207 BOB ROLLINS RD.
FOREST CITY, NC 28043
The SEC's proposed rule Governing Auditor Independence provides no evidence that non-audit services have compromised audit quality or auditory independence, nor ever caused an audit failure. No evidence was provided by the studies of the SEC that the scope of services impaired audit effectiveness, or that an exclusionary ban was necessary or appropriate.
The proposed rule would set a precedent for other regulators. Even small accounting firms, such as mine, could be impacted by these new rules. The proposed SEC rule would be viewed as the new model by state boards of accountancy, as well as federal agencies.
CPA's working in industry would experience an adverse impact from the SEC's rule; the rule would restrict public companies' freedom of choice when seeking outside professional services. Companies would be forced to constantly choose whether to hire a firm solely as its auditor or solely as a provider of other services. A company might be forced to dismiss an audit firm that has consistently done outstanding work in order to obtain services for the auditor's non-audit colleagues.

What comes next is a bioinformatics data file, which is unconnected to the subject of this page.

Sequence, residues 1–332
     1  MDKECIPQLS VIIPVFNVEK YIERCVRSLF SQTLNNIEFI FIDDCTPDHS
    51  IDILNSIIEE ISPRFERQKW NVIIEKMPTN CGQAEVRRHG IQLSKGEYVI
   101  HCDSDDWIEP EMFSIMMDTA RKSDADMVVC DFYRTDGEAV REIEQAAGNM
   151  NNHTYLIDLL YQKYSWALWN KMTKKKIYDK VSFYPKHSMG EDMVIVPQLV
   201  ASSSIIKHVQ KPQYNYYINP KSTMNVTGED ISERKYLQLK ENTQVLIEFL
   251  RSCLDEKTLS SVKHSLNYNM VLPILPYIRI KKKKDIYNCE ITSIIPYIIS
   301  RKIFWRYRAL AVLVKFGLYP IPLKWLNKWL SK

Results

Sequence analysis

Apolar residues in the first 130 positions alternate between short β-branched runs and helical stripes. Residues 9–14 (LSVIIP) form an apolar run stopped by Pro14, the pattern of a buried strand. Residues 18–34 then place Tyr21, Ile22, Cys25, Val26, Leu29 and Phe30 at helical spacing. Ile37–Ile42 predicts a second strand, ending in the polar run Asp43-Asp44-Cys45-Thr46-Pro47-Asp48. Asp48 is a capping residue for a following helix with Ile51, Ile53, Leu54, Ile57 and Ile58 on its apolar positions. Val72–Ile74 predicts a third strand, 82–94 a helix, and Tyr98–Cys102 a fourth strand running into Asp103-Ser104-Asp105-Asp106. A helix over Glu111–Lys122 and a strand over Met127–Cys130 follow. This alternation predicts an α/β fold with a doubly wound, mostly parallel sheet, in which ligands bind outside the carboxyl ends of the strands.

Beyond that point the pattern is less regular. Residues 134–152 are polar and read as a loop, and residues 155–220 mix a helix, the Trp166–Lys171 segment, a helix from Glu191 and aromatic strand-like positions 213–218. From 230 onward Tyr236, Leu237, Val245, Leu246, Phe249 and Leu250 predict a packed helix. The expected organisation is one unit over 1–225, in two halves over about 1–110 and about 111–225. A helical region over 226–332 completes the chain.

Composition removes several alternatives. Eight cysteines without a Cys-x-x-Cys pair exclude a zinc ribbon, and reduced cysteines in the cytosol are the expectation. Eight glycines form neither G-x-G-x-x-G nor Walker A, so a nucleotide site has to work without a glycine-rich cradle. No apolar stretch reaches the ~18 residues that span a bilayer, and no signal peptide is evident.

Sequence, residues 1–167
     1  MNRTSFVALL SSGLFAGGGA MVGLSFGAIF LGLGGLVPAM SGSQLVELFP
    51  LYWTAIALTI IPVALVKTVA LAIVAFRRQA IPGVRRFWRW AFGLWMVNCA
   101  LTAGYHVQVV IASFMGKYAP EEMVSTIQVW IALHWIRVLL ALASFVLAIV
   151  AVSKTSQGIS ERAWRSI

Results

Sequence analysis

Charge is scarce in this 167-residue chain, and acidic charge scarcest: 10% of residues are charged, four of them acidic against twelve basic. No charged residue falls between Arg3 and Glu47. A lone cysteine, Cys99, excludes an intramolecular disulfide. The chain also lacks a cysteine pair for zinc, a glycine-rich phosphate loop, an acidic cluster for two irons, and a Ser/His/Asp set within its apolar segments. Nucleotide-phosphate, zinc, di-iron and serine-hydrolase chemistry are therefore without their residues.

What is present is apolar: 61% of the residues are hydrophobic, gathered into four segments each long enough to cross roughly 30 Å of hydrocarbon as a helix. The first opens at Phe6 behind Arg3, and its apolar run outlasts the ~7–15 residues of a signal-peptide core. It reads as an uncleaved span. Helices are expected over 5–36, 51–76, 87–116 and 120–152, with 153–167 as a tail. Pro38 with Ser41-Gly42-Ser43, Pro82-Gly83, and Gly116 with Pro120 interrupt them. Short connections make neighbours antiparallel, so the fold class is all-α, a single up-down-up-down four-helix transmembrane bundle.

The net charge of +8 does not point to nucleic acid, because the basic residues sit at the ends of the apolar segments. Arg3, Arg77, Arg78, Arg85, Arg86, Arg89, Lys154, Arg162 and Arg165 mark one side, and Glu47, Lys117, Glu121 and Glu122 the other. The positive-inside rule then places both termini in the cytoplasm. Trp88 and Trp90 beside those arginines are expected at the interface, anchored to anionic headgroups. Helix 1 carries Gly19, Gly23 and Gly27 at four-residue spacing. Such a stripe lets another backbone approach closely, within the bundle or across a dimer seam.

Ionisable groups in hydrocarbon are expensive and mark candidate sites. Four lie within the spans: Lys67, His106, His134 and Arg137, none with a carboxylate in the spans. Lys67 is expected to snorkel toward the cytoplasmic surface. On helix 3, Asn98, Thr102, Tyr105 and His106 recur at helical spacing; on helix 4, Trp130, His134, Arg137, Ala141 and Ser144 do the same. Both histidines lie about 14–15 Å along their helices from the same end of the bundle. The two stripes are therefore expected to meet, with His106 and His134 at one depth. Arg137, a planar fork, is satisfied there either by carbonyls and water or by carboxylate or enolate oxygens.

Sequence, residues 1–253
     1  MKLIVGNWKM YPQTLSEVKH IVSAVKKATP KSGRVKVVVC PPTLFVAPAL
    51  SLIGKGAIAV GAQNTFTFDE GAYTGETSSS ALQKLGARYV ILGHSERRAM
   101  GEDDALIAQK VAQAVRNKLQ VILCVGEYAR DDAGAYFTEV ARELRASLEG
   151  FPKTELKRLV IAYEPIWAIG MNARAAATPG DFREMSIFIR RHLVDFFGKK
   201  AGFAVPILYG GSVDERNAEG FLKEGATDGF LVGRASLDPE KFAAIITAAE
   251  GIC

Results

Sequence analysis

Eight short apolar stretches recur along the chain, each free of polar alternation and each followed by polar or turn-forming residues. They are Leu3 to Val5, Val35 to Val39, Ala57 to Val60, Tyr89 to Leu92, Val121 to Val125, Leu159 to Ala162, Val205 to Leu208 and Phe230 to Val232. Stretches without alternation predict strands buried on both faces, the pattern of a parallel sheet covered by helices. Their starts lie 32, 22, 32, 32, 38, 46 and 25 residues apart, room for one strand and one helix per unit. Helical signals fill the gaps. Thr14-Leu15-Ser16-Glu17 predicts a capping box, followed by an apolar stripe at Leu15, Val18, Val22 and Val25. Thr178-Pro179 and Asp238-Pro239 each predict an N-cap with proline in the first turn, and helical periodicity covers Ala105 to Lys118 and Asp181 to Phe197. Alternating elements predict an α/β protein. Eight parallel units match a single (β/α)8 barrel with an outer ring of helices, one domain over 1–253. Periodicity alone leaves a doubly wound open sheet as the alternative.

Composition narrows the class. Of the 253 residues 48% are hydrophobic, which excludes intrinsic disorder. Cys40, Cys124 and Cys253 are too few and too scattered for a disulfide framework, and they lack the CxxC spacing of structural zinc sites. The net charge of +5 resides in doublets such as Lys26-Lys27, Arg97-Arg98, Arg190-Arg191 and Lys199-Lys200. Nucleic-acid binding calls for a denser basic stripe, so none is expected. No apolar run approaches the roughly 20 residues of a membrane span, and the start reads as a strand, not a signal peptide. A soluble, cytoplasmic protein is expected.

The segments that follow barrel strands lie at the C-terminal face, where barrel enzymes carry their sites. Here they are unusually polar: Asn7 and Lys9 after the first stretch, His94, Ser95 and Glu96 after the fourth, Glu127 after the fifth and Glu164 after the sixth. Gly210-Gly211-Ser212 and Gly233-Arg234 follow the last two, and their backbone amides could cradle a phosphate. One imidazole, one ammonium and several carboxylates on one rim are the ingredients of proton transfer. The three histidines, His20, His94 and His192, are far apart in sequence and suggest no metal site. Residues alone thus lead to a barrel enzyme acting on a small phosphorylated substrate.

Accounting firms would be precluded from entering into almost any joint venture or partnership, since the accounting firm's independence could be impaired as a result of the activities of other parties in which it may have only an immaterial investment.
Regional alliances or cooperative agreements between accounting firms could result in each firm being required to be independent of each other firm's attest clients.
The SEC's proposal to restrict the services offered by accounting firms represents a fundamental restructuring of a profession that has successfully given investors the reliable, independent service that they require. CPA's have traditionally monitored their activities to preclude a lack of independence from any attest services they might offer their clients. It is not necessary nor is it desired for the government to step in and regulate an organization that has already regulated itself in a manner consistent with that of good business practices.
This scope of services rule must not be allowed to go forward.
Beth Sitton, CPA
August 16, 2000